Chapter Two - Intermediate Stuff


In Chapter One we took ØMQ for a drive, with some basic examples of the main ØMQ patterns: request-reply, publish-subscribe, and pipeline. In this chapter we're going to get our hands dirty and start to learn how to use these tools in real programs.

We'll cover:

  • How to create and work with ØMQ sockets.
  • How to send and receive messages on sockets.
  • How to build your apps around ØMQ's asynchronous I/O model.
  • How to handle multiple sockets in one thread.
  • How to handle fatal and non-fatal errors properly.
  • How to handle interrupt signals like Ctrl-C.
  • How to shutdown a ØMQ application cleanly.
  • How to check a ØMQ application for memory leaks.
  • How to send and receive multi-part messages.
  • How to forward messages across networks.
  • How to build a simple message queuing broker.
  • How to write multithreaded applications with ØMQ.
  • How to use ØMQ to signal between threads.
  • How to use ØMQ to coordinate a network of nodes.
  • How to create and use message envelopes for publish-subscribe.
  • Using the high-water mark (HWM) to protect against memory overflows.

The Zen of Zero


The Ø in ØMQ is all about tradeoffs. On the one hand this strange name lowers ØMQ's visibility on Google and Twitter. On the other hand it annoys the heck out of some Danish folk who write us things like "ØMG røtfl", and "Ø is not a funny looking zero!" and "Rødgrød med Fløde!", which is apparently an insult that means "may your neighbours be the direct descendants of Grendel!" Seems like a fair trade.

Originally the zero in ØMQ was meant as "zero broker" and (as close to) "zero latency" (as possible). In the meantime it has come to cover different goals: zero administration, zero cost, zero waste. More generally, "zero" refers to the culture of minimalism that permeates the project. We add power by removing complexity rather than exposing new functionality.

The Socket API


To be perfectly honest, ØMQ does a kind of switch-and-bait on you. Which we don't apologize for, it's for your own good and hurts us more than it hurts you. It presents a familiar socket-based API but that hides a bunch of message-processing engines that will slowly fix your world-view about how to design and write distributed software.

Sockets are the de-facto standard API for network programming, as well as being useful for stopping your eyes from falling onto your cheeks. One thing that makes ØMQ especially tasty to developers is that it uses sockets and messages instead of some other arbitrary set of concepts. Kudos to Martin Sustrik for pulling this off. It turns "Message Oriented Middleware", a phrase guaranteed to send the whole room off to Catatonia, into "Extra Spicy Sockets!" which leaves us with a strange craving for pizza, and a desire to know more.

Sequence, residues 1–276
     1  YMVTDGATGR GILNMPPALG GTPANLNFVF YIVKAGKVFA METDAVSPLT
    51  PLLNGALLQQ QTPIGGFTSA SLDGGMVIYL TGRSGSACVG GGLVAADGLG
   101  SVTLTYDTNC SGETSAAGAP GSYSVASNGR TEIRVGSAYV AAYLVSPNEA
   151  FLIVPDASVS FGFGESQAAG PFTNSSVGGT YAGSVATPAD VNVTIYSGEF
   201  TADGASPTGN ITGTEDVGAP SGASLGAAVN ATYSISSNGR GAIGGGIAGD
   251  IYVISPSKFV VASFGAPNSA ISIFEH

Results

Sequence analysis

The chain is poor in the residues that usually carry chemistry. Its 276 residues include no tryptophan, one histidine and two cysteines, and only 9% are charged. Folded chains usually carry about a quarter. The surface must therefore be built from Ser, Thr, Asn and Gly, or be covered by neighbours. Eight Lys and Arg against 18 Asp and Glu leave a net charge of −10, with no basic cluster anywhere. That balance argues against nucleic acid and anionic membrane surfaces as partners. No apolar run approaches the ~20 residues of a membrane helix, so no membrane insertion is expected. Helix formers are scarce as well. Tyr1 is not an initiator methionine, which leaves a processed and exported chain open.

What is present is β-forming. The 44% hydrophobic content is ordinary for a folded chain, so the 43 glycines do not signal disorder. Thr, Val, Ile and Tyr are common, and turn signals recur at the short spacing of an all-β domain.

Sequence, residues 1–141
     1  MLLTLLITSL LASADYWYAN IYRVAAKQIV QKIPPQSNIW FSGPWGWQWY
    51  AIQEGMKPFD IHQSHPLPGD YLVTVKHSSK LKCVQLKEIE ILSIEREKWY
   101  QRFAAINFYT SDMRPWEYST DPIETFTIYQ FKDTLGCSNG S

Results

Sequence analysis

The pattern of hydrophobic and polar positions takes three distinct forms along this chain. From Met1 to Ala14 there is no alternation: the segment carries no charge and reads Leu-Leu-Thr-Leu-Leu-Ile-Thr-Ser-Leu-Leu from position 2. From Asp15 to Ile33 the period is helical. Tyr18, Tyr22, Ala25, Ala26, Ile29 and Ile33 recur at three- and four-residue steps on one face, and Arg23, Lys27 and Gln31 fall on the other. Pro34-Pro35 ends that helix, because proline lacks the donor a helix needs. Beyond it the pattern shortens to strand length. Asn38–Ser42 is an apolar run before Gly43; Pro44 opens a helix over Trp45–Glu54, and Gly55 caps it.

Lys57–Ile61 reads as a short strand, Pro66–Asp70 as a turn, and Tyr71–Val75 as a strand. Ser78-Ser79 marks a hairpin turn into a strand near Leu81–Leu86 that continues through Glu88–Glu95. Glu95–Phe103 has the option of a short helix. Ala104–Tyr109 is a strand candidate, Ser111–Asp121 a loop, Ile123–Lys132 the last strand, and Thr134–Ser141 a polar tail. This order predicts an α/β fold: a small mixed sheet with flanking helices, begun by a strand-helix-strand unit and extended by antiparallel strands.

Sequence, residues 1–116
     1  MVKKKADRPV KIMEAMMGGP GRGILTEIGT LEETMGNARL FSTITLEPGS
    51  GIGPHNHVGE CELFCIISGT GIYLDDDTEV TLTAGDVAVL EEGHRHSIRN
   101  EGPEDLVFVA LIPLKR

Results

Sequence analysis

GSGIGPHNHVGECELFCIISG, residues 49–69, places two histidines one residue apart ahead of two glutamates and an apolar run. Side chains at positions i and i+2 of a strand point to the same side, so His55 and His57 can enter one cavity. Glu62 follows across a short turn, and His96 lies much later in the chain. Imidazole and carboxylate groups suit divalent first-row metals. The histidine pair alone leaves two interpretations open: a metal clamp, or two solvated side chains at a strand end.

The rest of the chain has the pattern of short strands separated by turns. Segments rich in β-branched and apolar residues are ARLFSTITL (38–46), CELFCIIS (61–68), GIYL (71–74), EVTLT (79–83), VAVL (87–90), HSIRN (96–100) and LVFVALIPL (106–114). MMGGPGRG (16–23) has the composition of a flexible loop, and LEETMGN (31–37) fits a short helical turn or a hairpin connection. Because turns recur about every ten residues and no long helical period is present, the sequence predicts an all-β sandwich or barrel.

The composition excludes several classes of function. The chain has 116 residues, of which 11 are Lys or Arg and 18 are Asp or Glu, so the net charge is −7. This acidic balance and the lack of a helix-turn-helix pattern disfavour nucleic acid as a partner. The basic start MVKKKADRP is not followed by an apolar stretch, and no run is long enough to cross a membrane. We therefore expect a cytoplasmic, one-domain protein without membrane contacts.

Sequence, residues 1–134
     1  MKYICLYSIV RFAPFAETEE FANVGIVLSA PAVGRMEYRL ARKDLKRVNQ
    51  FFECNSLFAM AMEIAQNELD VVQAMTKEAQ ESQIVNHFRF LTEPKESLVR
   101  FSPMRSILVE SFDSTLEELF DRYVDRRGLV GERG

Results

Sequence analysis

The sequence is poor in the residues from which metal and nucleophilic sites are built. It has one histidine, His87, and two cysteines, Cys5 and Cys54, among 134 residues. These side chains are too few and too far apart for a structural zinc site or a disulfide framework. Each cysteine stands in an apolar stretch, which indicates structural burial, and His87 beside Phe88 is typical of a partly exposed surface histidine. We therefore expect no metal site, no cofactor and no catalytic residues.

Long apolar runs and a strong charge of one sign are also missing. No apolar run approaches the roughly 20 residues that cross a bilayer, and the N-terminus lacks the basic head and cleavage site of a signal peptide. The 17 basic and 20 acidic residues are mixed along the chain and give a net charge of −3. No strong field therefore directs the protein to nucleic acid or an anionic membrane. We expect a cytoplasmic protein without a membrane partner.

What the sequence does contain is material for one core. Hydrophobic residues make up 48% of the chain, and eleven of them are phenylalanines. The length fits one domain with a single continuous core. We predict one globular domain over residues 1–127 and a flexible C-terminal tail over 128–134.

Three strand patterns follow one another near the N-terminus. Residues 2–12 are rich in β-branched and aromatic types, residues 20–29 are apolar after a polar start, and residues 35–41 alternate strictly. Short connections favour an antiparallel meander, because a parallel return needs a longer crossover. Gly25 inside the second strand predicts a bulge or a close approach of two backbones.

Like a nice pepperoni pizza, ØMQ sockets are easy to digest. Sockets have a life in four parts, just like BSD sockets:

  • Creating and destroying sockets, which go together to form a karmic circle of socket life (see zmq_socket(3), zmq_close(3)).
  • Plugging sockets onto the network topology by creating ØMQ connections to and from them (see zmq_bind(3), zmq_connect(3)).

Which looks like this, in C:

void *mousetrap;

// Create socket for catching mice
mousetrap = zmq_socket (context, ZMQ_PULL);

// Configure the socket
int64_t jawsize = 10000;
zmq_setsockopt (mousetrap, ZMQ_HWM, &jawsize, sizeof jawsize);

// Plug socket into mouse hole
zmq_connect (mousetrap, "tcp://");

// Wait for juicy mouse to arrive
zmq_msg_t mouse;
zmq_msg_init (&mouse);
zmq_msg_recv (&mouse, mousetrap, 0);
// Destroy the mouse
zmq_msg_close (&mouse);

// Destroy the socket
zmq_close (mousetrap);

Note that sockets are always void pointers, and messages (which we'll come to very soon) are structures. So in C you pass sockets as-such, but you pass addresses of messages in all functions that work with messages, like zmq_msg_send(3) and zmq_msg_recv(3). As a mnemonic, realize that "in ØMQ all your sockets are belong to us", but messages are things you actually own in your code.

Creating, destroying, and configuring sockets works as you'd expect for any object. But remember that ØMQ is an asynchronous, elastic fabric. This has some impact on how we plug sockets into the network topology, and how we use the sockets after that.

Plugging Sockets Into the Topology


To create a connection between two nodes you use zmq_bind(3) in one node, and zmq_connect(3) in the other. As a general rule of thumb, the node which does zmq_bind(3) is a "server", sitting on a well-known network address, and the node which does zmq_connect(3) is a "client", with unknown or arbitrary network addresses. Thus we say that we "bind a socket to an endpoint" and "connect a socket to an endpoint", the endpoint being that well-known network address.

ØMQ connections are somewhat different from old-fashioned TCP connections. The main notable differences are:

  • They exist when a client does zmq_connect(3) to an endpoint, whether or not a server has already done zmq_bind(3) to that endpoint.
  • They are asynchronous, and have queues that magically exist where and when needed.
  • They may express a certain "messaging pattern", according to the type of socket used at each end.